The show allowed me to showcase my truth the way it needed to be told. The Debra Antney way!

Being Debra Antney was not always glitter or gold. Like most, I went through some things. I was defiantly a product of my environment, it made me who I am today! I always knew how to get myself to the top and that’s exactly what I did. Thank you for being a part of my journey."



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Big U: "I loved filming this show. It brought up so many memories going back to the house I grew up in, remembering those special moments with family. It was fun to sort of relive my past, but the best part was really seeing my evolution. I’m such a different man today than I was back then. I feel good that the world will get to see the person I’ve become. I did it because for the first time, I knew I could be in full control of my own story, especially since I’m an Executive Producer on the series."



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Trick Trick: "[Taping the series was] weird as f---!! Because, I’m not used to that type of attention. I’m very private, but oddly enough, it was somewhat... refreshing!

[I did the show] because Big U called.”


"Well, I choose to do the series because I was told who was involved from the cast to an all-Black production. Taping was like me living my past all over again and we show[ed] the world how we really lived and the things we went through."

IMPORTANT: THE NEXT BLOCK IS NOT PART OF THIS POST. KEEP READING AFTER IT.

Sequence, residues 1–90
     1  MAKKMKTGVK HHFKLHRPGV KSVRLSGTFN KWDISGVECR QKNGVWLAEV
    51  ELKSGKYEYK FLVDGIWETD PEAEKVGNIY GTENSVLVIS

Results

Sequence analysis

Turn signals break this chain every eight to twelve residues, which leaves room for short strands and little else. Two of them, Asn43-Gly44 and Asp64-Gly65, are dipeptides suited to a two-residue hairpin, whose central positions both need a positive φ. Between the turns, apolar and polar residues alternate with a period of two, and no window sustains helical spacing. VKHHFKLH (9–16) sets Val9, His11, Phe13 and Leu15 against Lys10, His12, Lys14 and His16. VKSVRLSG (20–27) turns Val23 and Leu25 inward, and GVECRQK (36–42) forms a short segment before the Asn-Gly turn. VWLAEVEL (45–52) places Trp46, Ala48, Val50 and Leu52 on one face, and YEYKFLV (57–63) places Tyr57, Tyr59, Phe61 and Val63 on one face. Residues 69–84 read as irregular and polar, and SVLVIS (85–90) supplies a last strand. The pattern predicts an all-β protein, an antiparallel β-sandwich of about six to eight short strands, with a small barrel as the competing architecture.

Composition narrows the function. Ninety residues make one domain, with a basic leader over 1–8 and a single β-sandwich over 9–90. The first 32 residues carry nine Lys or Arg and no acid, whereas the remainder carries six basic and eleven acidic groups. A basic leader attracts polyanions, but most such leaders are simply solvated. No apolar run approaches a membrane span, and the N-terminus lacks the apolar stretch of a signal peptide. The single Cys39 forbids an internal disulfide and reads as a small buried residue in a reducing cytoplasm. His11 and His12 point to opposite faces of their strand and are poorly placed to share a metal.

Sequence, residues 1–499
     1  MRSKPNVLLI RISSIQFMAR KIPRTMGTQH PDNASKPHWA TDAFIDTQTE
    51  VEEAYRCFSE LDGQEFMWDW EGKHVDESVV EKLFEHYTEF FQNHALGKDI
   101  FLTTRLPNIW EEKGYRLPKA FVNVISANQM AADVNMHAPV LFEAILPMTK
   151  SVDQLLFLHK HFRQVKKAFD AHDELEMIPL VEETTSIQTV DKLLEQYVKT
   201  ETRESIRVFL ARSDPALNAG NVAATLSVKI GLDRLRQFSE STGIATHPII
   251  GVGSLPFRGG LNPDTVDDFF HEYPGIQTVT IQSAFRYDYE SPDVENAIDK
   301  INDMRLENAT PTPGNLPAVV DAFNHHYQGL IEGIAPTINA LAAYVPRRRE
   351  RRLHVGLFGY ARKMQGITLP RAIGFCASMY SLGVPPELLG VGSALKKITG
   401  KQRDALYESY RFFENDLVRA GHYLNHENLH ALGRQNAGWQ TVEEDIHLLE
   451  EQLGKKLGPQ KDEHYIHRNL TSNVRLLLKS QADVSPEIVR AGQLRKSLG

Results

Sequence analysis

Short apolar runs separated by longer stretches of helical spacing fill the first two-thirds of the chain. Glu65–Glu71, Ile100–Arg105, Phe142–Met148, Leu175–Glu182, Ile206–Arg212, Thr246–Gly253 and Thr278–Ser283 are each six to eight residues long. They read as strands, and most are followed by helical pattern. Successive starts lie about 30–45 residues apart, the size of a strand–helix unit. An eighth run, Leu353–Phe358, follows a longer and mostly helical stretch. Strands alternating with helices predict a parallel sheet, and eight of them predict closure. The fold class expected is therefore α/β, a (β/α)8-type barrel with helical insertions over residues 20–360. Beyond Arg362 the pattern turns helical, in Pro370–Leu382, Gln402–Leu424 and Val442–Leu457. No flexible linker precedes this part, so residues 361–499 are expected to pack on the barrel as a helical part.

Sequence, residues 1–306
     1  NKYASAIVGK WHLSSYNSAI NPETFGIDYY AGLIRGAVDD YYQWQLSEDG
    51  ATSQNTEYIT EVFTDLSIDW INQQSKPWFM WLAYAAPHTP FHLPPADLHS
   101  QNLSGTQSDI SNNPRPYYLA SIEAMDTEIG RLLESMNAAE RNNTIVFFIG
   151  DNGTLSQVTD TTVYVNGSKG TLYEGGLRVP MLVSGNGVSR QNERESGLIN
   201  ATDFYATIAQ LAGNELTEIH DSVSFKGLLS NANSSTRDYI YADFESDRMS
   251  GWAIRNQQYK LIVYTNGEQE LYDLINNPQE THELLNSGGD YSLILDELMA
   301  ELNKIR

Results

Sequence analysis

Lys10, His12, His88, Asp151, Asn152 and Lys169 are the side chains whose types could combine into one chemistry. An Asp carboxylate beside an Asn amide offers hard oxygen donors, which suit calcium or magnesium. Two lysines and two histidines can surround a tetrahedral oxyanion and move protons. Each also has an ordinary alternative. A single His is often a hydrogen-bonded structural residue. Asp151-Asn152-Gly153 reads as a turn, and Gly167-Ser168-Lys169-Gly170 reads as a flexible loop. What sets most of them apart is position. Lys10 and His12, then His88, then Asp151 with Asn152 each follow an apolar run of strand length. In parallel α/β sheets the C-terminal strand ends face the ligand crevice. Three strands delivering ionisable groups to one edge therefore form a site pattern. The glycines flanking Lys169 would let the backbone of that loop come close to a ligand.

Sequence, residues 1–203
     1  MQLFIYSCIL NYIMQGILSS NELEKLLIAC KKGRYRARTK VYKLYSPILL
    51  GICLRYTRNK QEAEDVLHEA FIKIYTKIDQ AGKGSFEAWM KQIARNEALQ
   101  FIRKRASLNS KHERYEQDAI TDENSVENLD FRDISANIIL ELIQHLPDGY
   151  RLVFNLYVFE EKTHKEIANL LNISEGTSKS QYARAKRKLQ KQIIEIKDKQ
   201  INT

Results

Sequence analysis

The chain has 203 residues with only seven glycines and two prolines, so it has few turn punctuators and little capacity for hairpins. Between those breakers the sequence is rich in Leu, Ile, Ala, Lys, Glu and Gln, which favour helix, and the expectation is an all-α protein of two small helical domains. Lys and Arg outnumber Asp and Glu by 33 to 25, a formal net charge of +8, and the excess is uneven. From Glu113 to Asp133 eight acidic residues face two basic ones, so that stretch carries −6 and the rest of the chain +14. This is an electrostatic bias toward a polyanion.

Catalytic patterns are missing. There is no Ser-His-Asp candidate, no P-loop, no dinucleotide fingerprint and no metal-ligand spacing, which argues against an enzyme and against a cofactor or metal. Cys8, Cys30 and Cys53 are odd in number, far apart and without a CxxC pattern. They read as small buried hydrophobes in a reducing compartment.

Haitian Jack: "Taping the series, to me, was definitely a great experience.  Everybody that was on there, [producers] Oby, Rashidi and everyone else were very polite to everyone and we got everything we asked for.  When you have a crew like that, it makes it really easy for you to work with it.

[I did the show because] I like when they started to say, 'Let’s dig back into the past,' because that’s what my life is all about, the past.  The fact that Big U came up with it and hit me up with it is another reason because I respect what he is doing out there with the kids and his foundation. So I didn’t mind teaming up with him and everybody else, Deb and Trick Trick, Bimmy. I think we have a great cast and I’m proud to be a part of it.  I think we did it because we all knew where hip-hop came from because we lived it.  We wasn’t just some people who just popped up out of nowhere and started blogging about it. We were there.  We watched the deaths, we watched the lifetime prison sentences.  We lost a lot of friends to death and prison. We all lived it.  They are going to get a good account of what went on in the 70s and 80s."